Listen, buddy, what's with the princess locks? There's nothing punk about that at all. You look like an ad for cut-rate hair conditioner. Or maybe a Skid Row cover band. Let's see if we can list all your crimes:
1. Smug look.
2. Wearing bracelet of tiny Tibetan skulls on left wrist.
3. Black jeans.
4. Black jeans held up by thrift store belt, huge interlocking brass rings belt buckle.
5. Holding second can of Old Milwaulkee, no doubt more to come.
6. Inappropriate placement of candle.
Really, pal, the only thing you skate on is the plain white thermal. In fact, that's one in the credit column, because it could just have easily been a Blue Oyster Cult tour shirt with the sleeves ripped off.
What were you thinking the exact moment the flash went off? Let's guess:
1. How can I get closer to the lens?
2. My beer is warm.
3. I hope when I get home there's a rerun of Star Trek on.
4. Whose disembodied right hand is gripping my shoulder?
5. The music is not nearly loud enough.
6. Are you ready for my close up, Mr. DeMille?
Hey, listen, the late-eighties were a tough time to get your driver's license. Every girl looked like Cyndi Lauper or the bass player for The Bangles. The most popular show on TV was either Manimal, about a guy who could turn into an animal for some inexplicable reason and then bite bank robbers on the wrist until the cops came--or Knight Rider, a show about a guy with a talking car who could corner back robbers against a wall with his bumper until the cops came. It was a time of bad food, bad politics, Bad Company, bad movies and bad blood between everyone who thought Michael Douglas was the hero in Wall Street, and everyone else. At least there was the Bad Brains.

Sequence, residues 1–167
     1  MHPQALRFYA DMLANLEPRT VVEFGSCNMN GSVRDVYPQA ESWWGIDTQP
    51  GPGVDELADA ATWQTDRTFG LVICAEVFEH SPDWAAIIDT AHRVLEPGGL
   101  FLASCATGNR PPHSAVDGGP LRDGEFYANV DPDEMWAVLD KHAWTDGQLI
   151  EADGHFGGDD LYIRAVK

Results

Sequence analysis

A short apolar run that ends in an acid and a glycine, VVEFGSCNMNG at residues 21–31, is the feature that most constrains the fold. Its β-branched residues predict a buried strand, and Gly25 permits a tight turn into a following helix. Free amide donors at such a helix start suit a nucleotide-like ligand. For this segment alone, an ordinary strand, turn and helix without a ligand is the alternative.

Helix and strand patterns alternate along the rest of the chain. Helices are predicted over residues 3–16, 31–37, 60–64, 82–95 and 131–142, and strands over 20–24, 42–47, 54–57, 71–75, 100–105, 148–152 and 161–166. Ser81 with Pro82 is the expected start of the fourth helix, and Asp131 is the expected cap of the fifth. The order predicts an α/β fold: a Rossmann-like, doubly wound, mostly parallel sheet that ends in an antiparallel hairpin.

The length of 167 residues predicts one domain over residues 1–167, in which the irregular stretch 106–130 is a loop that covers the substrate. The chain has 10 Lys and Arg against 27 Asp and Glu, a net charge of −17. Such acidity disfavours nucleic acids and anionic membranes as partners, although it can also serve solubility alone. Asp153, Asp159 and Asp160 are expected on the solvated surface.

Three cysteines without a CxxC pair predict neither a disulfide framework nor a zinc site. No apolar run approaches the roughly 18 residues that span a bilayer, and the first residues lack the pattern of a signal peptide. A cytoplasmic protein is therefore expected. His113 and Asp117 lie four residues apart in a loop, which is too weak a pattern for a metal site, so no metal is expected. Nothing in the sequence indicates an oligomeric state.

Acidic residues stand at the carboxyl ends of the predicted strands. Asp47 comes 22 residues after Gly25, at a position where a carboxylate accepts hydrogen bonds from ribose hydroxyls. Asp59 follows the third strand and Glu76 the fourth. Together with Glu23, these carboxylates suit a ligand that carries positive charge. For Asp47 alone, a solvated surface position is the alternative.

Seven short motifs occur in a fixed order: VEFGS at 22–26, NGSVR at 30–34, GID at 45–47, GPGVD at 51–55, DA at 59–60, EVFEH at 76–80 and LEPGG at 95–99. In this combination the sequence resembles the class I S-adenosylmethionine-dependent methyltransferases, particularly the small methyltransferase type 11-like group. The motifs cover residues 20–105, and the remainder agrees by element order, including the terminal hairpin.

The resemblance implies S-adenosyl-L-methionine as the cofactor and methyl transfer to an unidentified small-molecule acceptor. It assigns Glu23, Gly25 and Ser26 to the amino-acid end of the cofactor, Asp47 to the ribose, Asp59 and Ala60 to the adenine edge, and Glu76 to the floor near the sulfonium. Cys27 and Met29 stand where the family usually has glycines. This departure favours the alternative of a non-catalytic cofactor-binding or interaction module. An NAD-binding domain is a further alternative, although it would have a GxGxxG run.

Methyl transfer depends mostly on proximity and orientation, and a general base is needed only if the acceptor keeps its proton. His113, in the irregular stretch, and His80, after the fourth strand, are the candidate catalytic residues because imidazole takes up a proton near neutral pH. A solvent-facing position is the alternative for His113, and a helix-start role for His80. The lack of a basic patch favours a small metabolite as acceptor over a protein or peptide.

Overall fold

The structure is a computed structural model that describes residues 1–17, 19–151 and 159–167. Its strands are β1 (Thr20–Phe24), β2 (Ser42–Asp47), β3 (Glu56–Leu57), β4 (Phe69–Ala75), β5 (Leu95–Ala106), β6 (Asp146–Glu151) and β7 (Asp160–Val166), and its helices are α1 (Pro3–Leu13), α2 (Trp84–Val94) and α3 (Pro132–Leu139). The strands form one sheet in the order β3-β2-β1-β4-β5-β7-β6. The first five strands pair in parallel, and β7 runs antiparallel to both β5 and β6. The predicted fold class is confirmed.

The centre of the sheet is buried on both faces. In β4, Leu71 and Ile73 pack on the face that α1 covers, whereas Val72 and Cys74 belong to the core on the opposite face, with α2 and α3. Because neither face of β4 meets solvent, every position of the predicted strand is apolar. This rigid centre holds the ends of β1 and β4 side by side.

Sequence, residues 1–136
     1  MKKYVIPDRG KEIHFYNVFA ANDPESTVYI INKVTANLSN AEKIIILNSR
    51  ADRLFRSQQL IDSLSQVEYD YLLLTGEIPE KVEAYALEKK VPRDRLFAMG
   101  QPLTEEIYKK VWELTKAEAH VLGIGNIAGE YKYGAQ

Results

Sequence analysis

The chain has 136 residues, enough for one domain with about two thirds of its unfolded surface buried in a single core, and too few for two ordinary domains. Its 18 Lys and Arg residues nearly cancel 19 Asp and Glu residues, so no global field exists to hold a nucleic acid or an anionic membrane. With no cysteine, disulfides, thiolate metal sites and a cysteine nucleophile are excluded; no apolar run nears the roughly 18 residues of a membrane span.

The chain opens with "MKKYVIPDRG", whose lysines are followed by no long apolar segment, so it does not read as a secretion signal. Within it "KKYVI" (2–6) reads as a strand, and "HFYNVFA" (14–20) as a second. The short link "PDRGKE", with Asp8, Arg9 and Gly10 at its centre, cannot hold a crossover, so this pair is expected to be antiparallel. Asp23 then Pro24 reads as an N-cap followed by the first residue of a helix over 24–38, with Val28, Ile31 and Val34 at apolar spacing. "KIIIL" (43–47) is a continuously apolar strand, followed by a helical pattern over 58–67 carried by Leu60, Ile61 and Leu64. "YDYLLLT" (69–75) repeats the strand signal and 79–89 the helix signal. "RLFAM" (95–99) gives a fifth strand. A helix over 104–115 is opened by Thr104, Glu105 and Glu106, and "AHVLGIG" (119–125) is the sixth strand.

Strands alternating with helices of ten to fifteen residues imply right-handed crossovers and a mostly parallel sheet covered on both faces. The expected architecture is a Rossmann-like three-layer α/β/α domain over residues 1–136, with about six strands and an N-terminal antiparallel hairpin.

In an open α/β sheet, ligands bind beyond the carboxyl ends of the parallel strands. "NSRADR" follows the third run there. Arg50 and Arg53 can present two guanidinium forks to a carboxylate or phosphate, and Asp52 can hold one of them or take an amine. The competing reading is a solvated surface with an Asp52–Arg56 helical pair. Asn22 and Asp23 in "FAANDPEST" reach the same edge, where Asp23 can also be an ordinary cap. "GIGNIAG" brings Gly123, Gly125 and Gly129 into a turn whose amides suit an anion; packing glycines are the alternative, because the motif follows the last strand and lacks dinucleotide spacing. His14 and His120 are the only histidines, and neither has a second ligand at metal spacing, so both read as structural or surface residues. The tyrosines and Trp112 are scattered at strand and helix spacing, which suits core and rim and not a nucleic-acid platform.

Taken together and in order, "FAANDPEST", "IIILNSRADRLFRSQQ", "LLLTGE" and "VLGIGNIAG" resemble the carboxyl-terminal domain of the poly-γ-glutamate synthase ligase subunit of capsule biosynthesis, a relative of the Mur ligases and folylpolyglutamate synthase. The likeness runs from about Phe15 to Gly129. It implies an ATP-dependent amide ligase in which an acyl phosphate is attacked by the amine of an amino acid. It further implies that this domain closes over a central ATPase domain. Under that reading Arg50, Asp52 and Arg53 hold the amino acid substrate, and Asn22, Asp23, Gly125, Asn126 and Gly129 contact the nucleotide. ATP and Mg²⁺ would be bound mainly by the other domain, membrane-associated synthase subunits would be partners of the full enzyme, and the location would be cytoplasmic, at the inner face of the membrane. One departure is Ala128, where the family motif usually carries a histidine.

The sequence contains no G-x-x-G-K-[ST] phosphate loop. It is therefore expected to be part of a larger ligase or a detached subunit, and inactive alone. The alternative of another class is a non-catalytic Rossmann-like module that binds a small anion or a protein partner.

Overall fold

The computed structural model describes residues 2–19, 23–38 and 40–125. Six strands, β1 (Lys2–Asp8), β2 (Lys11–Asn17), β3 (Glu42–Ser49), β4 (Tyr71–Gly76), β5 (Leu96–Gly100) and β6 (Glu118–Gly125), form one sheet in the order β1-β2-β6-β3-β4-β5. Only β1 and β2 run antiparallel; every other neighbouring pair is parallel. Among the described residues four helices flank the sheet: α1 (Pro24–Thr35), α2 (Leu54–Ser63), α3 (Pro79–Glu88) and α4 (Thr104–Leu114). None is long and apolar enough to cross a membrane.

But what I mostly remember about this time was feeling like I desperately wanted to be part of a scene. Not like a bunch of dudes hanging out a skate park or four couples who road tripped to someone's parent's ski lodge every other weekend. I mean like a scene. Of writers or artists or musicians or filmmakers. People who were creating. Who all helped each other with their projects. Who were full of good ideas and inspired one another and drove each other to be the best versions of themselves. Like Hemingway and Gertrude Stein on the Left Bank. Or Faulkner and Nathaniel West in Hollywood. Or Paul Bowles and William Burroughs in Morocco.
And, actually, I think many of my friends felt that way too. But for some reason it never came to be. Maybe we were all too busy looking smugly at the camera. Or maybe we all went to college and had lots of classes where you needed to know how to do math. I don't really remember now, but somewhere along the line I blinked and suddenly everyone was interning at a hedge fund.
But I finally think I've realized what that look on your face is. It's not disdain or boredom.
Man, you were really dying to get your foot in the water, weren't you?
Knock off all the standing around and do something that was half-genius and half-nuts. Like go to El Salvador and make a shoestring documentary, or sail across the Pacific on a pontoon boat, or start an underground magazine about Glam Rock, or move to Nigeria and paint landscapes for the rest of your life.
Hey, despite the hair, I love you for that.
And I miss that feeling of myself longing now.
It was like an extra pulse.
I wish I had a nice, frosty six-pack of it.
Check out Teen Me and me, decades later, ready to start our own scene from scratch.
Sean Beaudoin enjoys typing about himself in the third person, as if some underfed intern were writing his bio for him. He wrote GOING NOWHERE FASTER, FADE TO BLUE, and YOU KILLED WESLEY PAYNE strictly for cash, but THE INFECTS was a zombie labor of love. Sean's short stories and articles have appeared in numerous publications, including The Onion, The San Francisco Chronicle, Salon, Narrative, Glimmer Train, and Spirit-the inflight magazine of Southwest Airlines. He has since been awarded free cocktail peanuts for life. Sean is also one of the founding editors of TheWeeklings.com, which is hands-down the most influential site on the internet.
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Dear Teen Me: More Letters from Authors to their Teen SelvesTeen Fiction
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